CA 10-322Court of Appeals of Arkansas, Division I.
Opinion Delivered September 22, 2010

Appeal from the Sebastian County Circuit Court, [No. JV 2008-128], Honorable Mark Hewett, Judge, Affirmed.


Appellant Tonya Casarreal appeals from the order of the Sebastian County Circuit Court terminating her parental rights to her daughter, A.H., born March 3, 2001.[1] In her single point on appeal she argues that the circuit court erred in admitting into evidence a transcript of A.H.’s testimony taken at a hearing where Casarreal and her husband were not represented by counsel. As part of that point, she also argues that she did not properly waive her right to counsel. We affirm the circuit court’s termination order.

The Arkansas Department of Human Services (DHS) placed a seventy-two-hour hold on A.H. and C.C. on February 22, 2008, after A.H. made allegations that her stepfather had

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sexually abused her. The circuit court issued an order for emergency custody on February 25, 2008.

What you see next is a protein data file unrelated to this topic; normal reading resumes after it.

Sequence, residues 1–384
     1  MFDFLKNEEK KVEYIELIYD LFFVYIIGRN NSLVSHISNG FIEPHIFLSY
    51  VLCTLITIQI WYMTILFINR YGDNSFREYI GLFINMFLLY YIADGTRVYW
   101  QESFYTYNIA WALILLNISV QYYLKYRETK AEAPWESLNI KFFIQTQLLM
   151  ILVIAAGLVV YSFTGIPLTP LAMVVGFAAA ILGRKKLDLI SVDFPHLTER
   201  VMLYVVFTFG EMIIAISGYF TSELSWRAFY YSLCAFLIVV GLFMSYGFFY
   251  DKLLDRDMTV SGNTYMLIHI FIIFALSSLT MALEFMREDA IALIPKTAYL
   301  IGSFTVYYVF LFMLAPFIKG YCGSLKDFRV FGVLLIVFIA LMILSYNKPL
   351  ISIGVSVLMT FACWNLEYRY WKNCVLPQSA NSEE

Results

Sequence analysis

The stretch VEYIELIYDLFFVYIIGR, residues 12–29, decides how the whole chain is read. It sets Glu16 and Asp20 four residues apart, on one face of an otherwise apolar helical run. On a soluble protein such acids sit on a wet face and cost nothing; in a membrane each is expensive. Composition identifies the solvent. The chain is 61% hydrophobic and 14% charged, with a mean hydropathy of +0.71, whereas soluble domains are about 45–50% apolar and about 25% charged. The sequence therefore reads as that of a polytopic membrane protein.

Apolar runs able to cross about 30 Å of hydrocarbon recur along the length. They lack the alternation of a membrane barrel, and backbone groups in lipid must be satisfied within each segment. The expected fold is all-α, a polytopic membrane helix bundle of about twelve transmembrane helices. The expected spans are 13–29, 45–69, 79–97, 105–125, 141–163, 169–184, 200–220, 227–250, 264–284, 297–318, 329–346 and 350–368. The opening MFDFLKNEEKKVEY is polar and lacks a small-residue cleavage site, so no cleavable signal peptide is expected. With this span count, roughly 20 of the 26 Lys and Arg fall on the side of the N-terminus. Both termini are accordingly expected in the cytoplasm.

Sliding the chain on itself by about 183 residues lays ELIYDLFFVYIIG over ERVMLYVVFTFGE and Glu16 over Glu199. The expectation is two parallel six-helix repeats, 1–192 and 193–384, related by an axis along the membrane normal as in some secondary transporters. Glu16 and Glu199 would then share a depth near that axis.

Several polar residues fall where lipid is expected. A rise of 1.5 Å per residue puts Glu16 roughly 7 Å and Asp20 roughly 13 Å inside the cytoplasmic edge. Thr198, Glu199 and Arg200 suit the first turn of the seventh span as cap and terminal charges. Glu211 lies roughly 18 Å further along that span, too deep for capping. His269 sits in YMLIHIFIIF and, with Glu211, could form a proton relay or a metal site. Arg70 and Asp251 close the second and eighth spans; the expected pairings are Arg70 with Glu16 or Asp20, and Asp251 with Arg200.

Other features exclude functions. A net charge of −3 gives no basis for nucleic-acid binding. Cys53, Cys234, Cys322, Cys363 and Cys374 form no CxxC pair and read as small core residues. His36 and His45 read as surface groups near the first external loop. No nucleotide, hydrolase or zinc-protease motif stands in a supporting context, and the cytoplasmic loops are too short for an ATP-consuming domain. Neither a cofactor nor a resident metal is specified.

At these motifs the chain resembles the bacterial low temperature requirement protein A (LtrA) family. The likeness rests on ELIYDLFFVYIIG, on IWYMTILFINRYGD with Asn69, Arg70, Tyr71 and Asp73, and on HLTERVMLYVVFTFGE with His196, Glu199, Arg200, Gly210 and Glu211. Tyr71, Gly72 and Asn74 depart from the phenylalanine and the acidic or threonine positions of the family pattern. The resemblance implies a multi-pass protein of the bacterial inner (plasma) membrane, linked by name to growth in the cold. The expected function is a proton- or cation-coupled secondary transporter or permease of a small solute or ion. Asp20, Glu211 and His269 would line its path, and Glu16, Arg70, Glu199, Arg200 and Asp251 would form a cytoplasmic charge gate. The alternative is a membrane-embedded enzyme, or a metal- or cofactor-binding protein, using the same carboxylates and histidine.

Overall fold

At the April 7, 2008 adjudication hearing, the circuit court found the children dependent due to the unavailability of the parents to care for the juveniles. The court held the dependency-neglect determination in abeyance pending the resolution of any criminal charges against the stepfather based on the child’s allegations. Prior to the resumption of the disposition phase of the adjudication hearing, Casarreal and her husband filed papers asking that a nonlawyer be permitted to act on their behalf as their advisor. Shortly after these papers were filed, Casarreal’s retained counsel filed a motion to withdraw, citing a conflict of interest. After a hearing, the circuit court granted the motion to withdraw, and Casarreal was permitted to proceed pro se. A hearing was held on April 23, 2009, at which the court heard testimony from A.H. about the details of what her stepfather did to her. Casarreal was not represented by counsel at this hearing. Following this hearing, the court adjudicated A.H. dependent-neglected in an order entered on June 4, 2009. The order found that A.H. had been sexually abused by her stepfather.